9. Mattesini, Fabrizio & Quintieri, Beniamino, 1997. "Italy and the Great Depression: An Analysis of the Italian Economy, 1929-1936," Explorations in Economic History, Elsevier, vol. 34(3), pages 265-294, July.
  10. James E. Anderson & J. Peter Neary, 2005. "Measuring the Restrictiveness of International Trade Policy," MIT Press Books, The MIT Press, edition 1, volume 1, number 0262012200, December.
  11. Zamagni, Vera, 1993. "The Economic History of Italy 1860-1990," OUP Catalogue, Oxford University Press, number 9780198287735.
  12. Almunia, Miguel & Bénétrix, Agustín & Eichengreen, Barry & O Rourke, Kevin H. & Rua, Gisela, 2009. "From Great Depression to Great Credit Crisis: Similarities, Differences and Lessons," CEPR Discussion Papers 7564, C.E.P.R. Discussion Papers.
  13. O'Rourke, K, 1997. "The European Grain Invasion 1870-1913," Papers 97/02, College Dublin, Department of Political Economy-.
  14. Fenoaltea, Stefano, 1988. "International resource flows and construction movements in the atlantic economy: the kuznets cycle in Italy, 1861–1913," The Journal of Economic History, Cambridge University Press, vol. 48(03), pages 605-637, September.
  15. Esteves, Rui & Khoudour-Castéras, David, 2011. "Remittances, capital flows and financial development during the mass migration period, 1870–1913," European Review of Economic History, Cambridge University Press, vol. 15(03), pages 443-474, December.
  16. Federico, G. & O'Rourke, K.H., 1999. "Much Ado About Nothing? Italian Trade Policy in the late 19th Century," Papers 99/18, College Dublin, Department of Political Economy-.
  17. Sibylle H. Lehmann & Kevin H. O'Rourke, 2011. "The Structure of Protection and Growth in the Late Nineteenth Century," The Review of Economics and Statistics, MIT Press, vol. 93(2), pages 606-616, May.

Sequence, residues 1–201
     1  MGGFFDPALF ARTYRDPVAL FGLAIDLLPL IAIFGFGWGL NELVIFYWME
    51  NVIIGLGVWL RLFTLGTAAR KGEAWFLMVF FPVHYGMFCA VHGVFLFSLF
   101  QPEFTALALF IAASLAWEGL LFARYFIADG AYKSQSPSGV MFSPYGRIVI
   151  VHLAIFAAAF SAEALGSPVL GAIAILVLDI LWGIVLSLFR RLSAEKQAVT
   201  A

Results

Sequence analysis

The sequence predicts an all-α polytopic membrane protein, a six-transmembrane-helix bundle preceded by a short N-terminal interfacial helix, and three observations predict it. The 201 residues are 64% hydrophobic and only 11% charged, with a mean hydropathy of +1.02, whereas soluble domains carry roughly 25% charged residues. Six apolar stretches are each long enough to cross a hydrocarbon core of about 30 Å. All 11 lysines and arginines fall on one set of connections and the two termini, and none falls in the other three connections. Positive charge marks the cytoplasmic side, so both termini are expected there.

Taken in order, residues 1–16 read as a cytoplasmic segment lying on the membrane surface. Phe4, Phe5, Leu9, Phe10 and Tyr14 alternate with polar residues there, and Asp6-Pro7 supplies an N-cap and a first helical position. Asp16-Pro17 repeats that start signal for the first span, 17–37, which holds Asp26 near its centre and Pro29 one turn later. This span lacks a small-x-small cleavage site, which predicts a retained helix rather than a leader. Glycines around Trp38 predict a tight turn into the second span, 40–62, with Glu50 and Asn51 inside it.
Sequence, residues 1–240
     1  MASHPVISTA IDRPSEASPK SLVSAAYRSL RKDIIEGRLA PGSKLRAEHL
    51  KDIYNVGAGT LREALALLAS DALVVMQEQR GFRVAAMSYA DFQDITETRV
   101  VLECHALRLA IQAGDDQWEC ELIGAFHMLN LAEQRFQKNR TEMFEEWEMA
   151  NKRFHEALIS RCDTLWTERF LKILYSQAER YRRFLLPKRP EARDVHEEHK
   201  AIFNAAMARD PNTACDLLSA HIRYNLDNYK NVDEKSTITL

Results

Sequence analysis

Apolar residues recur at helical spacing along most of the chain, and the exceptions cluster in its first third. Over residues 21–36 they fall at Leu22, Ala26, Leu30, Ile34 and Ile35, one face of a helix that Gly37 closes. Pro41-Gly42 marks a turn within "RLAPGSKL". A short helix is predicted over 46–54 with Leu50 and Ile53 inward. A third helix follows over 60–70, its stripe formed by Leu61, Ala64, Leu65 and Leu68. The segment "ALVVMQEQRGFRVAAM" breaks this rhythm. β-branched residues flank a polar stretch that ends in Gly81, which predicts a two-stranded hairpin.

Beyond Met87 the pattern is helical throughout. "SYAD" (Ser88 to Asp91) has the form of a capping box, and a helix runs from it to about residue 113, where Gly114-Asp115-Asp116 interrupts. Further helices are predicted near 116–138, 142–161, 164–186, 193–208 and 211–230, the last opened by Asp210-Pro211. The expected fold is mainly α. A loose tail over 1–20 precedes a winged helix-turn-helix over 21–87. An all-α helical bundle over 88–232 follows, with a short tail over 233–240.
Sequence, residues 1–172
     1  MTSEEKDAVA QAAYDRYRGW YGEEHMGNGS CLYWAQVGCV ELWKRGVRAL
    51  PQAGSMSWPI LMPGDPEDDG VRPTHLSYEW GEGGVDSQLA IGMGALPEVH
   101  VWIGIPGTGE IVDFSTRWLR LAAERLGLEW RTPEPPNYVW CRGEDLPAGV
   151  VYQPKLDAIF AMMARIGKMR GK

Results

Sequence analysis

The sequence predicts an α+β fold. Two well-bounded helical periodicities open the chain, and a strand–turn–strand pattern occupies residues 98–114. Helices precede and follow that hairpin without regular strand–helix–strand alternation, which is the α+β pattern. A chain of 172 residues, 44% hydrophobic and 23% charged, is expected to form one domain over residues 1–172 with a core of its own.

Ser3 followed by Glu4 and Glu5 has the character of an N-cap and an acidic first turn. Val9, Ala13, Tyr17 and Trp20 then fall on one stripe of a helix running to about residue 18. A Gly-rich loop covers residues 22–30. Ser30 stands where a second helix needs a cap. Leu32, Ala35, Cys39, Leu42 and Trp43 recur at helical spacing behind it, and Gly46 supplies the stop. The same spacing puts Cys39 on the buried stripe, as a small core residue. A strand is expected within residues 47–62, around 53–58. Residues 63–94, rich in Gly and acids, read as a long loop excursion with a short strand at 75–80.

18. Filippo Cesarano & Giulio Cifarelli & Gianni Toniolo, 2012. "Exchange Rate Regimes and Reserve Policy: The Italian Lira, 1883–1911," Open Economies Review, Springer, vol. 23(2), pages 253-275, April.
  19. O'Rourke, Kevin H., 2007. "Barry Eichengreen, The European Economy Since 1945: Coordinated Capitalism and Beyond, Princeton University Press (2007)," Journal of International Economics, Elsevier, vol. 73(2), pages 438-441, November.
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Citations

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Cited by:
  1. Emanuele Felice & Giovanni Vecchi, 2013. "Italy’s Growth and Decline, 1861-2011," CEIS Research Paper 293, Tor Vergata University, CEIS, revised 11 Oct 2013.
  2. Claire Giordano & Ferdinando Giugliano, 2012. "A Tale of Two Fascisms: Labour Productivity Growth and Competition Policy in Italy, 1911-1951," Quaderni di storia economica (Economic History Working Papers) 28, Bank of Italy, Economic Research and International Relations Area.
  3. Emanuele Felice, 2013. "Regional income inequality in Italy in the long run (1871–2001). Patterns and determinants," UHE Working papers 2013_08, Universitat Autònoma de Barcelona, Departament d'Economia i Història Econòmica, Unitat d'Història Econòmica.
  4. Emanuele Felice & Giovanni Vecchi, 2012. "Italy’s Modern Economic Growth, 1861-2011," Department of Economics University of Siena 663, Department of Economics, University of Siena.